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Quickly Find the Right Plan with CaliforniaChoice Resources

CaliforniaChoice offers employers and their employees access to dozens of Bronze, Silver, Gold, and Platinum tier health plans from the state’s leading insurers. To help members (and prospective members) compare plans, so they can easily match their health care needs to the right plan, network, and metal tier, CaliforniaChoice offers two valuable tools.

The new Carrier Plan Design and Network Availability summary gives readers a snapshot of:

Get the Carrier Cheat Sheet here.

It’s easy to see how all of the available CaliforniaChoice options available across the state break down by preferred provider organization (PPO), exclusive provider organization (EPO), health maintenance organization (HMO), health care services plan (HSP), Affordable Care Act metal tier, and carrier.

Another useful tool available from CaliforniaChoice is the Automated Choice Profiler, which can be accessed through the CaliforniaChoice website. This useful online resource gives prospective and current members the ability to analyze premiums, deductibles, co-pays, and co-insurance.  Users can view side-by-side plan comparisons based on cost, 5-Star quality ratings, and feedback from health plan members. The Automated Choice Profiler can help consumers get an estimated total cost of coverage that reflects ongoing, potential, or planned health care needs. It makes it easy to quickly evaluate all of your available plan options from CaliforniaChoice.

To learn more about the CaliforniaChoice Carrier Plan Design and Network Availability summary or Automated Choice Profiler, contact your employee benefits broker. If you don’t already have a broker, we’ll help you find a local CaliforniaChoice broker to speak with about your group’s health insurance needs.

CHOICE Administrators CEO Featured in TIME Magazine 

Ron Goldstein, president and chief executive officer of CHOICE Administrators, the parent organization of the CaliforniaChoice private health exchange, was recently featured in an article published in the Money section of TIME magazine. Goldstein was one of three health insurance and Affordable Care Act (ACA) experts interviewed for the article “An Obamacare Repeal Could Hurt You Even if You Get Insurance through Work.” The article focused on changes being considered as part of the repeal and replacement of the ACA by the Trump administration and a Republican-controlled Congress. It looked at several benefits that employer-sponsored health plans have added under the ACA and how some could go away under proposed reforms of the health care law. Goldstein spoke with TIME reporter Lisa Zamosky on the ACA’s current ban on lifetime limits for coverage.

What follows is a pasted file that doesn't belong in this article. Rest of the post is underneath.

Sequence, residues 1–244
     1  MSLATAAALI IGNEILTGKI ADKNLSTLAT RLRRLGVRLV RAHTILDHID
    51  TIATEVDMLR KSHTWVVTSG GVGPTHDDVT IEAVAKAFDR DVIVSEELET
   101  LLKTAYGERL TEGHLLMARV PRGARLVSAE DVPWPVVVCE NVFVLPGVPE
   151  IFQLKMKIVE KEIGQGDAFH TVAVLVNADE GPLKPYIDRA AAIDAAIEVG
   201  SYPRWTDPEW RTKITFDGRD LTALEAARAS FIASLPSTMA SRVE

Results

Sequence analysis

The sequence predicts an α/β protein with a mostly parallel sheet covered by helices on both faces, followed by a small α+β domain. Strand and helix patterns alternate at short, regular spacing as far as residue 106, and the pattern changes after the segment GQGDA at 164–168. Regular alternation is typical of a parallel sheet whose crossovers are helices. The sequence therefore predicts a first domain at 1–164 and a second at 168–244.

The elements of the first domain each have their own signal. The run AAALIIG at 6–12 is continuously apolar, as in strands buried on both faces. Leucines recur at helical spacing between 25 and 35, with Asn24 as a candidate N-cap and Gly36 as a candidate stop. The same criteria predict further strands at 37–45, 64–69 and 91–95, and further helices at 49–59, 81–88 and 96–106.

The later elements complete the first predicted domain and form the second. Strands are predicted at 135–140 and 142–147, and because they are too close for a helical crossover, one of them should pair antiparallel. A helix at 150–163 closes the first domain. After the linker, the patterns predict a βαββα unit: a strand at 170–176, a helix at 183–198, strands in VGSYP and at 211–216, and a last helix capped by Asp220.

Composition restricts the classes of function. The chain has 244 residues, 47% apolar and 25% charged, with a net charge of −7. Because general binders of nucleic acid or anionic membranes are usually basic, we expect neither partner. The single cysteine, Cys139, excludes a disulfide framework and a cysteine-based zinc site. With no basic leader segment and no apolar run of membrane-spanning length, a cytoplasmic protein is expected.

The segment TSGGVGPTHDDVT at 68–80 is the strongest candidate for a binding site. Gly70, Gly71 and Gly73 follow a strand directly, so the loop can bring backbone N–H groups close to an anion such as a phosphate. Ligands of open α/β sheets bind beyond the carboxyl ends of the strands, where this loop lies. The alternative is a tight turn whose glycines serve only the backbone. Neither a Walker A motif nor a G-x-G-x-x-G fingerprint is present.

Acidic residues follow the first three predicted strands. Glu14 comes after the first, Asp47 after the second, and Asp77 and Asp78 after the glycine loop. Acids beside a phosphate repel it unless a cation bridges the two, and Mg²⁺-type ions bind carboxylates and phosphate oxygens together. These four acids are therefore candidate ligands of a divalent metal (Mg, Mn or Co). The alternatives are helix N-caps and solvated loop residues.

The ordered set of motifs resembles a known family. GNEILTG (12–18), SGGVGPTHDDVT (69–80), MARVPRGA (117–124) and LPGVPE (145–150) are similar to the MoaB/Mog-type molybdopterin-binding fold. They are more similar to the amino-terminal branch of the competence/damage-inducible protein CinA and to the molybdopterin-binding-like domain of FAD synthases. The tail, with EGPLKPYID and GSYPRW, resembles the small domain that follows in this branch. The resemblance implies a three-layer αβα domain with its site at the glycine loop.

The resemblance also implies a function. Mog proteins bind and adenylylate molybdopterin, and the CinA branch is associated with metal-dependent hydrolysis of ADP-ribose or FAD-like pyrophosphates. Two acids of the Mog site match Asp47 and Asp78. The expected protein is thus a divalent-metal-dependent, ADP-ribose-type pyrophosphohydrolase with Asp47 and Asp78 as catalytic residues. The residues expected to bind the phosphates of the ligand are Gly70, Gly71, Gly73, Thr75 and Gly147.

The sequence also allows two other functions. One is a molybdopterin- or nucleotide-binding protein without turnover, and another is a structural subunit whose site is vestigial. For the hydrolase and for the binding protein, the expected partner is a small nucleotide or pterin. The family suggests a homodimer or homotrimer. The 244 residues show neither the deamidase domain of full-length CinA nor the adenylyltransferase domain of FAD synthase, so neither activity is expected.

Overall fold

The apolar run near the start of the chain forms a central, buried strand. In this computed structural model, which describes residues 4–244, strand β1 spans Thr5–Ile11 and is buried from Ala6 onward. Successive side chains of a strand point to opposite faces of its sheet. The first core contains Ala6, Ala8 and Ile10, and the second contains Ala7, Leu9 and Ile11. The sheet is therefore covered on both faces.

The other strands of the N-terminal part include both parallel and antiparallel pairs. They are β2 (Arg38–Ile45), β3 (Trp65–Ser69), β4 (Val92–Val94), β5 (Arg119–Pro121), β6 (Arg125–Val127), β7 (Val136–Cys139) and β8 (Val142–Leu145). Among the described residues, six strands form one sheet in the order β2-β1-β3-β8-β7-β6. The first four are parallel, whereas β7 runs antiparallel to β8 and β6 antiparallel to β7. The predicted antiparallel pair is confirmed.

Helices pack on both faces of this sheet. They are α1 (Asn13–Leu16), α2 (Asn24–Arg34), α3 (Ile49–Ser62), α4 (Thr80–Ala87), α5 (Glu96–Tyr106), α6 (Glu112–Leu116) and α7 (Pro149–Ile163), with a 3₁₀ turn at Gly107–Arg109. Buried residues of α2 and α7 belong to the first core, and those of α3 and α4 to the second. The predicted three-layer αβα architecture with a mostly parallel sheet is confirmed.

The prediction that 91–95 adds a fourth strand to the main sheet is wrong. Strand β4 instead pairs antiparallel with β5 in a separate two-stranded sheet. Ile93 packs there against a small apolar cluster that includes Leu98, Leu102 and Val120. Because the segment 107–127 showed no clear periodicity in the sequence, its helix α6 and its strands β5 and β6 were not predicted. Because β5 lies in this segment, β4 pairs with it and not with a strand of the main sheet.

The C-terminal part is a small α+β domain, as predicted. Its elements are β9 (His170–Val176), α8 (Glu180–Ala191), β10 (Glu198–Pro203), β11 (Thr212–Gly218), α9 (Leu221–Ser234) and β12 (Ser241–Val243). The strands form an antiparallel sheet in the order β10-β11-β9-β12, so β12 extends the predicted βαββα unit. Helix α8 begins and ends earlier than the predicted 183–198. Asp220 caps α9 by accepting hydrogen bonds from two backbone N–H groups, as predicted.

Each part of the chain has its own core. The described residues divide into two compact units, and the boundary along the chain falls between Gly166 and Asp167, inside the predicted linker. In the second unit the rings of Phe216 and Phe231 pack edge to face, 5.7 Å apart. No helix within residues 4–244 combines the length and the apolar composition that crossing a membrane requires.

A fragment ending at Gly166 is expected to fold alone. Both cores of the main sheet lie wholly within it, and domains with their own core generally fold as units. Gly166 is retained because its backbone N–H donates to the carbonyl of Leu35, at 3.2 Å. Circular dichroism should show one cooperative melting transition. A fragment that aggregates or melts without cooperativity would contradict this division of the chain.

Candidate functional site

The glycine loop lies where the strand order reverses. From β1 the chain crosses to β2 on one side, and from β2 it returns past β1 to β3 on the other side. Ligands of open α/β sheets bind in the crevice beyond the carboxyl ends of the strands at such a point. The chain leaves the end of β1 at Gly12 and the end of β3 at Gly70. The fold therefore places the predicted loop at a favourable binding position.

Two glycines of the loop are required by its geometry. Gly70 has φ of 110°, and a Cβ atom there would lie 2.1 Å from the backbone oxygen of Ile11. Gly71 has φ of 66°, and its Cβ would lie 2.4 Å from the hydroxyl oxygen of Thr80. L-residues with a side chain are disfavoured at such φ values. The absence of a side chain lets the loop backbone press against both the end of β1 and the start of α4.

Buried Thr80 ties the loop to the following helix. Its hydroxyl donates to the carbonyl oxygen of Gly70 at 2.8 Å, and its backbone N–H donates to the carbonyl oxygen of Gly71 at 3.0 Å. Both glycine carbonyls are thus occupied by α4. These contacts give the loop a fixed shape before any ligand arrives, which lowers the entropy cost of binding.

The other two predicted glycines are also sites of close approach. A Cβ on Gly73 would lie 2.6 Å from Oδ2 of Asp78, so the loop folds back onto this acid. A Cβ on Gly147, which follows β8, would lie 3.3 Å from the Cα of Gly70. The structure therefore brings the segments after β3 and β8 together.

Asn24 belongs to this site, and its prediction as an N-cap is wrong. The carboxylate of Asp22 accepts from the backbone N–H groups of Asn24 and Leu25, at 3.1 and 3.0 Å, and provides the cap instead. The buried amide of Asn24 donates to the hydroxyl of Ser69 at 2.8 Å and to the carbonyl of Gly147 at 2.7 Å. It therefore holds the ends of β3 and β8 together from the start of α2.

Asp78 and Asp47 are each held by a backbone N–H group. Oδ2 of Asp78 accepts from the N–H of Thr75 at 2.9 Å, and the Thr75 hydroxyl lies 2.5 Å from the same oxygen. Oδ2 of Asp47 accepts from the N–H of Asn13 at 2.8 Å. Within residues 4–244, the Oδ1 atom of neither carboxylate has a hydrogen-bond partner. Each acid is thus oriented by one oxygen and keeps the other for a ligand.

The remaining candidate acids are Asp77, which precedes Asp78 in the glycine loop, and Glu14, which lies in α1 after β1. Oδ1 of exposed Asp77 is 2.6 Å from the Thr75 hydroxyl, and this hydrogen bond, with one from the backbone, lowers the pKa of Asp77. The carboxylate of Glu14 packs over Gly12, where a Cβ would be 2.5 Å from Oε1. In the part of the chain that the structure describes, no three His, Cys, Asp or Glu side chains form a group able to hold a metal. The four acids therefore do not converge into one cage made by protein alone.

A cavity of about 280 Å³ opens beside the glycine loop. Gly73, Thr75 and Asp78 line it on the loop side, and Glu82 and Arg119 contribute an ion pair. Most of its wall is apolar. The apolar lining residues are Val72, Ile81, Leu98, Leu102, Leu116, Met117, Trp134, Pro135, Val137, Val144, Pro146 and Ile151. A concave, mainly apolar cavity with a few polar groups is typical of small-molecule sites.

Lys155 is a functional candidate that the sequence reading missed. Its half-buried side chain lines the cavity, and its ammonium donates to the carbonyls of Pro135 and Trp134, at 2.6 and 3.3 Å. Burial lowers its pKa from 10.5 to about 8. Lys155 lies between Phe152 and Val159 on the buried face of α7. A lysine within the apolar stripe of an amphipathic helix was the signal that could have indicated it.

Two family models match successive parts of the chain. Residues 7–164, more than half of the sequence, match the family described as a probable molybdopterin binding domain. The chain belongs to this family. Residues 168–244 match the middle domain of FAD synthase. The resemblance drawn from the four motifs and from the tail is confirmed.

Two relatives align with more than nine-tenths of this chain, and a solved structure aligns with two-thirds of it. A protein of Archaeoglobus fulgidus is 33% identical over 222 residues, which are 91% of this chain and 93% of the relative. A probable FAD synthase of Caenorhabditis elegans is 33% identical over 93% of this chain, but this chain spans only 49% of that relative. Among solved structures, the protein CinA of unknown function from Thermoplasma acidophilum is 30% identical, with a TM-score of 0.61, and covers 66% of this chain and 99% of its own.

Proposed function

Lifetime Limits For Insurers 

The health care law signed by President Obama in 2010 prevents insurers from placing annual or lifetime limits on the amount they will pay toward covered health care. Prior to the ACA’s enactment, it was common for plans to limit care to one million dollars over an insured’s lifetime. Goldstein noted, “Most people don’t realize that one bout of cancer before the law could cap out their insurance coverage, leaving them totally on the hook for all costs.” As Congress debates ACA alternatives, it’s possible an annual or lifetime limit could return. Another topic addressed in the article was free preventive care services, which is among the most-popular provisions of the ACA. It’s estimated 71 million Americans gained access to colonoscopy screenings, Pap smears, mammograms, well-baby care visits, and other services without cost-sharing under the health care law.

Millions of women with workplace-sponsored insurance also gained access to contraceptive care at no cost. This could be cut in any ACA repeal. Before the ACA, employers offering health insurance could impose a waiting period on new hires with a pre-existing health condition. That meant some who left or lost a job and were not able to afford to maintain their prior health coverage under COBRA could be forced to wait up to a year for new health insurance.

Pre-existing Condition Coverage In Replacement Plan

It’s not yet known whether the ACA’s coverage of pre-existing conditions will be maintained in a replacement plan. According to JoAnn Volk, research professor with the Center on Health Insurance Reforms at Georgetown University Health Policy Institute, who was among the other two experts featured in the TIME article, “There’s a real threat that could go away and we’d go back to the bad old days.” To read the full TIME article, which also addressed out-of-pocket limits, coverage for 20-somethings through a parent’s plan, and the right for an independent claim review, click here. For assistance with your group’s employee benefits, contact your broker. If you don’t already have a broker, we’ll help you find a local CaliforniaChoice broker to speak with about your health insurance needs.